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Pseudohistory is a type of historical negationism that claims to be legitimate history. As the re-interpretation of a historical event, pseudohistory is produced by the application of the research techniques of the historical method (primary sources and evidence) characteristic of legitimate history; yet, in itself, the work of pseudohistory is intellectually inconsistent with the historical record and with the common-sense understanding held in the collective memory of society. In practice, a pseudohistory presents a big lie — sensational claims — about historical fact that would require the revision (re-writing) of the historical record. The term pseudohistory is applied to works of historical revision that are based upon or derived from a theory or upon a re-interpretation or both; moreover, the related term cryptohistory applied to a pseudohistory based upon or derived from the superstitions inherent to occultism.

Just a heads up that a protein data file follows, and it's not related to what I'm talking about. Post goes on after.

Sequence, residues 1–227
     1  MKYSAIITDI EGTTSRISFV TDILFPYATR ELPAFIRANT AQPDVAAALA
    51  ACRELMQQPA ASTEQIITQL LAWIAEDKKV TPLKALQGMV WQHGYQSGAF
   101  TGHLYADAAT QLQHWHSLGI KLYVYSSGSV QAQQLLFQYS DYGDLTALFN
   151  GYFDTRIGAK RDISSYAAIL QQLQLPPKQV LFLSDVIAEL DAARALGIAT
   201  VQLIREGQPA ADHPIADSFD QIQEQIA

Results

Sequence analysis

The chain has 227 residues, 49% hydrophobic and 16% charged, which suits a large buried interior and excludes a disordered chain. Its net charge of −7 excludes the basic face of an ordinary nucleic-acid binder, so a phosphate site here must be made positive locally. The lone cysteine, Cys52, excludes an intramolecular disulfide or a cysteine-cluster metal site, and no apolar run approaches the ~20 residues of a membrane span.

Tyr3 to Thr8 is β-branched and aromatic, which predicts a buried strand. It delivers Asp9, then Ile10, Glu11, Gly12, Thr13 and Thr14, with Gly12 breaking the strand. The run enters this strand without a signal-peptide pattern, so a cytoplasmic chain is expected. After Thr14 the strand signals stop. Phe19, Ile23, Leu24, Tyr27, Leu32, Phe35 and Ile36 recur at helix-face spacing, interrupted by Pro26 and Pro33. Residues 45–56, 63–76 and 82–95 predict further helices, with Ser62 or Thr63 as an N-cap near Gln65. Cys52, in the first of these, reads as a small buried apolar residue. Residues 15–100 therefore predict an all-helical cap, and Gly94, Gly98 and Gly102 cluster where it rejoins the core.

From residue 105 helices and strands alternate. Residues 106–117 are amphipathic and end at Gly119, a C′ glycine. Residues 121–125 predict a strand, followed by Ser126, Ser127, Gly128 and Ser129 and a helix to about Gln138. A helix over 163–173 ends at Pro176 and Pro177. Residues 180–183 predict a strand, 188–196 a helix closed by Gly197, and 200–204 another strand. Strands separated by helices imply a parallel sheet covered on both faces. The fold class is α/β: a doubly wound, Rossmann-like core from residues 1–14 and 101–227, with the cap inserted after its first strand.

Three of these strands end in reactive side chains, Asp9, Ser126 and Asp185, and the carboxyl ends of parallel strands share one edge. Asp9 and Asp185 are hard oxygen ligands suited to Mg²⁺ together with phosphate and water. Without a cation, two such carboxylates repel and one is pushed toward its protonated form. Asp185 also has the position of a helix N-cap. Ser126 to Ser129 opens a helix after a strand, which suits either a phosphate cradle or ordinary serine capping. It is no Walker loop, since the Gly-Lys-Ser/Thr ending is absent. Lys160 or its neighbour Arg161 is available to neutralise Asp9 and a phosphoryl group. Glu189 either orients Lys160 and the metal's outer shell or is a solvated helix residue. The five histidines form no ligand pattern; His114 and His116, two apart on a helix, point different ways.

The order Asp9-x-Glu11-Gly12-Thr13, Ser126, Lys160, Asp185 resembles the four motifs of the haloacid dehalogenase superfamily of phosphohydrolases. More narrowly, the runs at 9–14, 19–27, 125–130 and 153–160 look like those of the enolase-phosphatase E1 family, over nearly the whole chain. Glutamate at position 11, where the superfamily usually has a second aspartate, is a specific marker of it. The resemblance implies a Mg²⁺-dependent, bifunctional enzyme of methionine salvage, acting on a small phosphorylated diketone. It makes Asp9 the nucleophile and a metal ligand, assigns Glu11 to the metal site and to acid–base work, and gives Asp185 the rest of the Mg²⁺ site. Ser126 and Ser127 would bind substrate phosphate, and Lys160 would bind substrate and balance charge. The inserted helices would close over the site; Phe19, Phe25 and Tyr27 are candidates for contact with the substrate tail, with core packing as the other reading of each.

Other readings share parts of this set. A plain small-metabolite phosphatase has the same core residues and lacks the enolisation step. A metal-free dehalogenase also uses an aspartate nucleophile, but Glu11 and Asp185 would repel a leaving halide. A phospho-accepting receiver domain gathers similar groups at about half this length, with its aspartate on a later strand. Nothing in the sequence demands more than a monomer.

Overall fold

Definition and etymology

The term pseudohistory was coined in the early 19th century; a usage older than the term pseudo-scholarship and earlier than pseudo-science.[1] Similarly, in an 1815 attestation, it is used to refer to Certamen Homeri et Hesiodi, a fictional contest between two historical poets.[2] The pejorative sense of the term, labelling a flawed or disingenuous work of historiography, is found in another 1815 attestation.[3] Pseudohistory is akin to pseudoscience in that both forms of falsification are achieved using the methodology that purports to, but does not, adhere to the established standards of research for the given field of intellectual enquiry to which the pseudoscience claims to be a part, and which offers little or no supporting evidence for its plausibility.[4]